Forty Years with Birds and Dogs
Poncho was a "Santa Fe" shepherd who looked me straight in the eyes while sitting quietly in his shelter cage. One wag of the tail and I was hooked. True to that first impression, he was always very sensitive to what us humans were about. Here's the story of one conversation I will never forget. Read it in the Los Alamos Daily Post
Wild Jays never fly over the house to the backyard’s Hen House pen for a snack of lay pellets, but a few small birds do, even when Lucy and the gang are there.
On the front porch bird feeders, only one Scrub Jay watches and waits for us, but him or her (we can’t tell which) keeps his distance. He doesn’t come in for the peanuts if I wait outside on the porch, but he will snatch peanuts off the porch railing when Don has turned away to fill the hanging feeders.
Years ago two generations of Scrub Jays frequented the feeders, and some took peanuts from our hand, but only if we rested our hand on the fence rail. One Jay would come down from the aspen trees for peanuts, even if I sat down beneath the porch roof to watch. One day I pushed the relationship too far.
While I sat on the porch chair, the Scrub Jay took several peanuts and hid them in the yard. When only one peanut was left on the rail, I got up, took the peanut, and set it on the table beside my chair. When the Scrub returned I showed him the peanut. He hesitated, squawked, flew in, picked up the peanut, and flew back to the railing. Then with a squawk he threw down the peanut and flew off.
The message was quite clear. “Okay,” I hollered. “You win. Peanuts go on the rail.” A few moments later he came back, picked it up and hid it in the front yard. Ever since then his rules for the peanut game have remained firmly in place.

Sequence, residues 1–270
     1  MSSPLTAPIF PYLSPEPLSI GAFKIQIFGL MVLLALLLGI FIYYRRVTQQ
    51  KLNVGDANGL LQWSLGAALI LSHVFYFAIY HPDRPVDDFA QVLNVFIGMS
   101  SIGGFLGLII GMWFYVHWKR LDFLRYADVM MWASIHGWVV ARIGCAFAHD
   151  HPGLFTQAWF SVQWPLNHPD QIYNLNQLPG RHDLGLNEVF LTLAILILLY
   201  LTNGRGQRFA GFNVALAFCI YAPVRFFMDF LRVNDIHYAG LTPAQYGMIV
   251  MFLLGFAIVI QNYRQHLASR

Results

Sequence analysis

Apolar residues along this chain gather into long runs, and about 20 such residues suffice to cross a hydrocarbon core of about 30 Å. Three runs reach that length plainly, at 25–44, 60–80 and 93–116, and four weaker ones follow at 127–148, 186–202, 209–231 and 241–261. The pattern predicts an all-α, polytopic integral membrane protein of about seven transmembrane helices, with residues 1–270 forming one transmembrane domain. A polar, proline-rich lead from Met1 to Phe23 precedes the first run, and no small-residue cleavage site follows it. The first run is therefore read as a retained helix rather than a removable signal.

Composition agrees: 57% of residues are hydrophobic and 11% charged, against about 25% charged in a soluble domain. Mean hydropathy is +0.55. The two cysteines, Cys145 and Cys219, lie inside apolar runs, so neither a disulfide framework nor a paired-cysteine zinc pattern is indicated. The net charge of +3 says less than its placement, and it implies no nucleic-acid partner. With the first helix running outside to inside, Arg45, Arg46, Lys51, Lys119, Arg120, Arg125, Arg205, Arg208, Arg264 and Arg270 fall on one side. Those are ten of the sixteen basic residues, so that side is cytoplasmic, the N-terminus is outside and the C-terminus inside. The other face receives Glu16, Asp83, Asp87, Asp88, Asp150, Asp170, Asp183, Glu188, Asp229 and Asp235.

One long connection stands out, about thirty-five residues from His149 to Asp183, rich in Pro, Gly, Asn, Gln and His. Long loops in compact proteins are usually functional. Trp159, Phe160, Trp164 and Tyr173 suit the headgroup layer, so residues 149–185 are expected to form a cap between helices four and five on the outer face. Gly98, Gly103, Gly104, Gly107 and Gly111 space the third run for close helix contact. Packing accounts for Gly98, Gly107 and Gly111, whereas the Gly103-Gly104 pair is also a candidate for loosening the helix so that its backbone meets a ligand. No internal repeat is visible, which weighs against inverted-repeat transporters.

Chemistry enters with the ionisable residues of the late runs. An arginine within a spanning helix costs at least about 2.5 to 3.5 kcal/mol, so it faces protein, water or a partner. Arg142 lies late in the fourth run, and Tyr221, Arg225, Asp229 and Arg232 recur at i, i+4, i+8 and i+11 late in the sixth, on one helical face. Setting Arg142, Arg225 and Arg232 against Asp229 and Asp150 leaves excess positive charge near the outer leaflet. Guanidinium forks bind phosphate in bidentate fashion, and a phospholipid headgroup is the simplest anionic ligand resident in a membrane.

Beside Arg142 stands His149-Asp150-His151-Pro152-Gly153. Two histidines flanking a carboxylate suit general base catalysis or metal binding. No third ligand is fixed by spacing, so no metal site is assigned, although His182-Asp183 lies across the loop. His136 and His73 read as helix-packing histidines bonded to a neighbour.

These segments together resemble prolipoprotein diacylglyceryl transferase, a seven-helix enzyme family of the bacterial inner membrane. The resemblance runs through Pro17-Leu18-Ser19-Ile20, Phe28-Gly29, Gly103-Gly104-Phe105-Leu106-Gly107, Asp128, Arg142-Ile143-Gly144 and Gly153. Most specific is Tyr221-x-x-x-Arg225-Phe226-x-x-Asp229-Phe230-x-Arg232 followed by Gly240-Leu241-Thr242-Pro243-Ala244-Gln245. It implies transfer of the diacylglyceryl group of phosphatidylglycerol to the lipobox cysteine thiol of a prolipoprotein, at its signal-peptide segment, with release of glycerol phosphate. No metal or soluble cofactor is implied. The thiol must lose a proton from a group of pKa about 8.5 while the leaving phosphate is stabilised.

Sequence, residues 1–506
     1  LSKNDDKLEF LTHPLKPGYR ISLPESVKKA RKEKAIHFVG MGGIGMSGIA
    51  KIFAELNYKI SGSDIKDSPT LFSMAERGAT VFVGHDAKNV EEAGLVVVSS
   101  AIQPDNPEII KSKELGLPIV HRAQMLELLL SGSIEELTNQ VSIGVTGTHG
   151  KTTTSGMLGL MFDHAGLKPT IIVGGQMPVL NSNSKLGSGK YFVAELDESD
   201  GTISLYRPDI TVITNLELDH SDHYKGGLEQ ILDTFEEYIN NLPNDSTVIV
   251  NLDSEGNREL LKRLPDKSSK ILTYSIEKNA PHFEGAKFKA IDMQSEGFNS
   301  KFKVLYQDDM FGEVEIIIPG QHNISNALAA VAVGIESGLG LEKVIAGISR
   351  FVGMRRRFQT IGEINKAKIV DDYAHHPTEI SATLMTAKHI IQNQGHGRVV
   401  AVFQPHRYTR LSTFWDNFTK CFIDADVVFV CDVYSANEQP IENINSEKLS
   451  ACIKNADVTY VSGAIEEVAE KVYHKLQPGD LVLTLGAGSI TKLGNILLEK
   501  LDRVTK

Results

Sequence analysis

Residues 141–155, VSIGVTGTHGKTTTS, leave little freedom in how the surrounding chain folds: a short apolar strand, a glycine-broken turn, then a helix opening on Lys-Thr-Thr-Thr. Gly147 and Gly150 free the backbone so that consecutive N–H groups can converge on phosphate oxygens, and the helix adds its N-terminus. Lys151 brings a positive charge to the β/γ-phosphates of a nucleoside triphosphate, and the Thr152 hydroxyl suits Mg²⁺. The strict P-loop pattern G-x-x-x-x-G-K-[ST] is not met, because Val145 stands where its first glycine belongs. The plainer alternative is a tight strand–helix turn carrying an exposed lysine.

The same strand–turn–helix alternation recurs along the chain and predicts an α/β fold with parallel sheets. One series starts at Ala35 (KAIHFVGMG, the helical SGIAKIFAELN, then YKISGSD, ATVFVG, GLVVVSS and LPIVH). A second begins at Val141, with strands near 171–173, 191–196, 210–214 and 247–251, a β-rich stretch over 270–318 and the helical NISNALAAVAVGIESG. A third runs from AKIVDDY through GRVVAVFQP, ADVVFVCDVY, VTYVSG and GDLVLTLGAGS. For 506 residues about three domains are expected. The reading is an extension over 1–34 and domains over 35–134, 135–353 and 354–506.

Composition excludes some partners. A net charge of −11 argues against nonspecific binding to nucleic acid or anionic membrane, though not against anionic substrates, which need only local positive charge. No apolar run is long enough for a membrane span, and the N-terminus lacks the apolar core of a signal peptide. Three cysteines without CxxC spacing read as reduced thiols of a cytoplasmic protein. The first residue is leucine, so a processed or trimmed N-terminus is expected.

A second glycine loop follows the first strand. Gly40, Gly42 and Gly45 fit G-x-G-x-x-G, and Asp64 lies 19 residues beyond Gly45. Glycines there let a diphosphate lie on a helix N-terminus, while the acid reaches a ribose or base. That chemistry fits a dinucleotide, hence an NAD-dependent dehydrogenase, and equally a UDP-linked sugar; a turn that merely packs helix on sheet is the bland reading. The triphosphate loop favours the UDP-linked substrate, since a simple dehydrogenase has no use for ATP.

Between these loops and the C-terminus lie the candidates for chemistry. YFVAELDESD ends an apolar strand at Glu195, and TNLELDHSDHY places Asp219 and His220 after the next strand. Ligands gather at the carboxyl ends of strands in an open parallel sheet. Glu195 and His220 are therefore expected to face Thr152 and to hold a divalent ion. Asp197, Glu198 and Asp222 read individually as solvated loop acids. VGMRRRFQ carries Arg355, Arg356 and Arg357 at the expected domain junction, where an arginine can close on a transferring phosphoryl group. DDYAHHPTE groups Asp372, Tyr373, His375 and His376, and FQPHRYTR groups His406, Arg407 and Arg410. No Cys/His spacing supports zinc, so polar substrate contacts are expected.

(Also in Los Alamos Daily Post April 22, 2014)
On the other side of the yard from the Hen House—on the west side—sits the covered front porch. It is enclosed by a wooden fence topped with a two-by-four railing. On that railing and on the various shaped blocks that decorate the fencing, go unsalted peanuts in the shell, for the jays.
Now on The Los Alamos Daily Post
DeeDee was an exceptional dog--intelligent and loving, with integrity to be admired. She was taught not to bark, so she did not complain, though it became obvious that she was in a great deal of pain near the end of her life. A brief article in the Daily Post takes a look at the dilemma many dog owners face. I'll be writing about her life in blogs to come. DeeDee--An Impossible Dilemma
There have been no grasshoppers in our yard since First Turkey did them all in 35 years ago. Maybe that's why this title caught my attention. Then its thoughtful consideration of our lives and their meaning caught my soul. <
Grasshopper Dreaming: Reflections on Killing and Loving> by Jeffrey A. Lockwood, Boston, Skinner House Books, 2002.
It’s a rare book, only 138 pages long, that becomes a treasure. I marked thirty-five of those pages because they contained quotable quotes.
Jeffrey Lockwood begins by taking us deep into the Wyoming prairie to watch grasshoppers doing nothing, just being, most of their time. Perhaps we should be called “human doings,” not “human beings,” he suggests. Then he leads us seamlessly into observations about complexity and “...what science cannot fathom, nature still manages to exploit.” Before we realize it, he has led us full circle to ask, “What is a grasshopper good for?’ and concludes with the timeless answer: “...we value our children...because of who they are,” not what they do.
As we learn the details of Lockwood’s work as an etymologist, defending farmland against hordes of grasshoppers, he illustrates his dilemma of what it means to kill. “Taking life, like giving life, can be a sacred act.” Sometimes an essential act, if we are to live.
We watch as Lockwood teaches his children about his job killing grasshoppers, while capturing and releasing insects he finds in his house. In either case, he feels that his obligation is to “...mitigate their potential pain.”
The author notes our need to control as we confront nature’s “absolute indifference” to our existence, encourages us to “...contribute to moving human society through this phase of self-destruction”, and ends with a treasure chest of quotable quotes about the complementary nature of science (how we came to be) and religion (why we came to be).